Perhaps some background on Annette S., the victims' mother, and her family can explain some of his hatred: Her grandfather drew up a will and other provisions guaranteeing that only blood relatives can inherit the extensive real estate property. In order to prevent money going to a non-blood relative, her uncle, as executor of the will, delayed a cash payout to his brother until the latter died of cancer, justifying his action with the words, "The family's interests are paramount. You have to understand when things take a bit longer". Another chilling moment.

 

Ursula S., the defendant's wife (who has filed for a divorce that has not yet been finalized), was always an outsider and "married beneath her" but always kept a sense of entitlement. When she lost her hair due to chemotherapy she insisted on a long-haired wig costing €2,500 instead of a standard short-haired wig.

 

The evidence speaks against the defendant: His blood and fingerprints at the scene of the crime, a receipt for the rope used to strangle Chiara found in his car, the counterpart of the dumbbell bar used in the murders found in his home, the alibi provided and then revoked by his wife. The prints had to be fresh as Annette S. could not stand her brother-in-law and would not have him in her house. He hadn't been there for years.

 

But there are doubts whether Ursula S. (the wife) is as uninvolved in the planning of the murders as she tries to make the public believe. She appeared in court once to refuse testimony after having sold her story to "Stern", expounding on her conviction of his guilt and their children's refusal to see their father. After her court appearance she held an audience outside the courthouse, talking on camera to a TV channel that is paying for her story as well. One of her cousins accused her – on camera – of selling herself out and called her a whore. Her own mother does not doubt that she was privy to her husband's plans, they were always sworn allies. It is as if two outlaws had found each other, basking in their exclusion and doing all they could to intensify it.

 

According to the psychiatrist who examined Thomas S. he is "low on empathy and emotionally cold". He claimed that he gave up a well-paid job as precision mechanic so that he would only have to pay minimum maintenance to his children from a previous marriage. He laughed at his son who had to wear a face mask after the liver transplant, he made disparaging remarks about his wife's cancer. But there is no sign of mental illness, meaning that he is fully competent for all his actions.

 

So what does a man like this have to say? According to his counsel he will not make any statements about the indictment itself; it is possible that he will make some comments about the evidence provided by the DA.

 

 

Thomas S. wolle sich zu den Vorwürfen äußern, teilt sein Verteidiger nur mit. Mehr will er nicht sagen. Der Angeklagte werde wohl zu einzelnen Punkten der Spurensicherung Stellung nehmen, sagt Staatsanwalt Florian Gliwitzky. Das sei ihm angedeutet worden.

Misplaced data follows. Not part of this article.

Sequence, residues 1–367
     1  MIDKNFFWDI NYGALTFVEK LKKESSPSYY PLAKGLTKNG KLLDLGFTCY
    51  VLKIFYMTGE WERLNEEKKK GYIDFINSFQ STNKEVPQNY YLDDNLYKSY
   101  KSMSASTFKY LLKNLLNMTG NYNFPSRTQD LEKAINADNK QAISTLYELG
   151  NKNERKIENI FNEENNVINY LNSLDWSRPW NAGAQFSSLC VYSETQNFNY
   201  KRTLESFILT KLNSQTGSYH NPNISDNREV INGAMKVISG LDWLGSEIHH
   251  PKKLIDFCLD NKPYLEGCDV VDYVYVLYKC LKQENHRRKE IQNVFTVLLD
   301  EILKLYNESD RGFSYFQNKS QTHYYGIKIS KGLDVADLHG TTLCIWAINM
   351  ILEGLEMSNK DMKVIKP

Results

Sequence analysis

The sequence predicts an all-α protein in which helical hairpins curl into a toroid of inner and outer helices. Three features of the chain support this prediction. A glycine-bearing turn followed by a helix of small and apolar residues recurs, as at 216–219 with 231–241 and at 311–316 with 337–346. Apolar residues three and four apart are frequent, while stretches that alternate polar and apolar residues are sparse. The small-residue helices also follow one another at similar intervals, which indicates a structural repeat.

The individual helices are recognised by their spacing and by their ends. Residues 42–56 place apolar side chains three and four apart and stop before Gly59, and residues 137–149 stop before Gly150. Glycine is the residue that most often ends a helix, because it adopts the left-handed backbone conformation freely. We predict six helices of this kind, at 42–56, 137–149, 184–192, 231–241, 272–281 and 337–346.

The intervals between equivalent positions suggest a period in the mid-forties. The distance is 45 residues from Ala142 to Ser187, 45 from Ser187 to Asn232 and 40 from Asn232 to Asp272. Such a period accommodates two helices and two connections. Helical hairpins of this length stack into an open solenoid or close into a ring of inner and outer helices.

No matter what he says and what the verdict will eventually be: This is one of the most violent crimes in the Munich area in the last 30 years, and there is no punishment in law, and even in lynch "justice", in any way adequate to its monstrosity.

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He tried to pick apart the evidence and absolutely denied killing his nieces because "one doesn't to that" ("Das macht man nicht.").

 

Sounds like a decent attitude until you realize that it's absolutely impersonal and says nothing at all about him and his personal moral values. Or he would have said, "I would never do that". I am looking forward to what the serious media makes of this performance.

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From the Süddeutsche Zeitung:

 

Thomas S. put on quite a show in court. Armed with a stack of paper several inches high he attempted to take apart the elaborate, well-constructed case, bolstered with forensic evidence, backed up with witnesses' testimony, only to contradict himself in the cross-examination.

 

And what's more: His response to one question caused the judge to warn him that he's treading on thin ice. "You have to ask Sharon for the answer to that", he said. His dead niece.

 

Thomas S. accuses the investigators of manipulating the evidence, of planting blood from a phial taken in jail, of retouching pictures taken of his injuries after his arrest.

 

 

Er erklärt sich seine Spuren am Tatort, die in den vergangenen elf Verhandlungstagen thematisiert wurden, offenbar so: Im Gefängnis sei eine Blutampulle von ihm verschwunden, deren Verbleib die Polizei bis heute nicht erklären könnte. "Ich denke, da ist einiges so, wie es nicht sein sollte", sagt er.

During the whole statement Thomas S. does not once look at his defense lawyers. He tosses names, numbers and interpretations into the courtroom where the spectators sit - spellbound and incredulous, at times laughing with disbelief - and summarizes the whole case from his point of view, even indicating that he would be able to untangle the complicated inheritance situation in his wife's family. Modesty is not his forte.

 

During cross-examination he contradicts his testimony recorded by the interrogation officers, especially regarding an alleged visit to his nieces during which he had a sudden nose-bleed. He claims that the flashlight with his fingerprints was a present to Sharon, saying that any other testimony was wrong as he was under shock at the time.

 

The DA called his statement a hypothesis that cannot hold up to examination, unbelievable. There are strong indications that the DA will claim extreme severity of the crime, rendering Thomas S.'s automatic release after 15 years of a "lifelong" sentence impossible.

 

After a short break the defense team informed the court that its client will make no further statements. The dead girls' father's lawyer then took the floor, appreciating Thomas S.'s willingness to speak out, adding, "You should consider now if you want to take responsibility. Now is the right time to do so".

 

Next court date is 16 April.